As would have been his dad, Tom, one of Charmouth’s great characters.
MANY thanks to Mayor Sally Holman for staging a civic reception for Lyme Regis Football Club to mark our best season ever. As club president I was proud to see players representing all our teams process into the Guildhall - a first for many of them - smartly dressed in club ties and white shirts. I think Sally is at her best when surrounded by young people and they certainly respond to her enthusiasm for all things of a sporting nature. The players (on their very best behaviour) lined up on the Guildhall steps for a photo with the civic party and regaled the Mayor with a chorus of 'Sea, Sea, Seasiders!'
A Walton family holiday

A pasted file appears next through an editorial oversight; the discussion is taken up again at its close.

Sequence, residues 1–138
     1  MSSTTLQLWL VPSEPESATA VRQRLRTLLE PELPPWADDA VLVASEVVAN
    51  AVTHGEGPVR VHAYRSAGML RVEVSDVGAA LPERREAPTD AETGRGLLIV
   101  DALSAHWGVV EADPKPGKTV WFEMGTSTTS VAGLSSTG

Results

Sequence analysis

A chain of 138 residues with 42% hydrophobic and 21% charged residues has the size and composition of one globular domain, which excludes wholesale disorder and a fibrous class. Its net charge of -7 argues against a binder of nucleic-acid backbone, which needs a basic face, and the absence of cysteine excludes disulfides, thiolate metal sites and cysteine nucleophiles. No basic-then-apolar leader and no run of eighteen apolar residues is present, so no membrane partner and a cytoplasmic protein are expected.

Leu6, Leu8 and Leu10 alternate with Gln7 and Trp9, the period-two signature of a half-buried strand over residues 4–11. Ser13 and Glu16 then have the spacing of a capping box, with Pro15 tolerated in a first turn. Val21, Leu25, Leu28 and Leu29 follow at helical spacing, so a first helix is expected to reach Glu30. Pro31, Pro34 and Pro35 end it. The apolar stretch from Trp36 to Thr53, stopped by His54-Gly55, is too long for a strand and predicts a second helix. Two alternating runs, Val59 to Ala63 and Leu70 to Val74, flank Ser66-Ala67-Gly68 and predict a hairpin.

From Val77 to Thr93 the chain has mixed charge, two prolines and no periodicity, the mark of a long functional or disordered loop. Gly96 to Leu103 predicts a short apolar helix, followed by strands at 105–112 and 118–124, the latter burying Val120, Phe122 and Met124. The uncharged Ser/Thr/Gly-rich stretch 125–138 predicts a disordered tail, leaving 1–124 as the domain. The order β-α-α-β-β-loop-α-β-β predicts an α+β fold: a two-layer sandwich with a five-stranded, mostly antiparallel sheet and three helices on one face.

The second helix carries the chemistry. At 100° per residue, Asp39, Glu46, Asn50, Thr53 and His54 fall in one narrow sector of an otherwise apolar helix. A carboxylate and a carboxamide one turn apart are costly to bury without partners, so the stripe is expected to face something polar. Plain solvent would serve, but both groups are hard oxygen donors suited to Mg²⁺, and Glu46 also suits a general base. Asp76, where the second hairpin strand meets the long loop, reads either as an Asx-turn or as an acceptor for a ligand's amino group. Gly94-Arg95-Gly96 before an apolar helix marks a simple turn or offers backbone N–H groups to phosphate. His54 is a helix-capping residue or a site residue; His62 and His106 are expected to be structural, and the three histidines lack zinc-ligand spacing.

ONLY on a quirky holiday to Crete could you find yourself sat under trees by a fountain chatting with two elderly sisters who turn out to be direct descendants of Buffalo Bill Cody!
But that’s what happened when I took my family on a fortnight’s holiday to the resort of Stalis as part of celebrations for my 60th birthday.
The sisters, Stalis regulars, proudly detailed their family connection to the famous Wild West legend over a beer or three at the lovely Amazones apartments where we stayed.
It was not the first offbeat moment we had starting with our arrival which saw us battle our way down to a local taverna in winds gusting to more than 50mph. Our meal was a bit surreal as we tried to time conversation between the whap-bang noises of canvas walls being sucked in and out by the gale.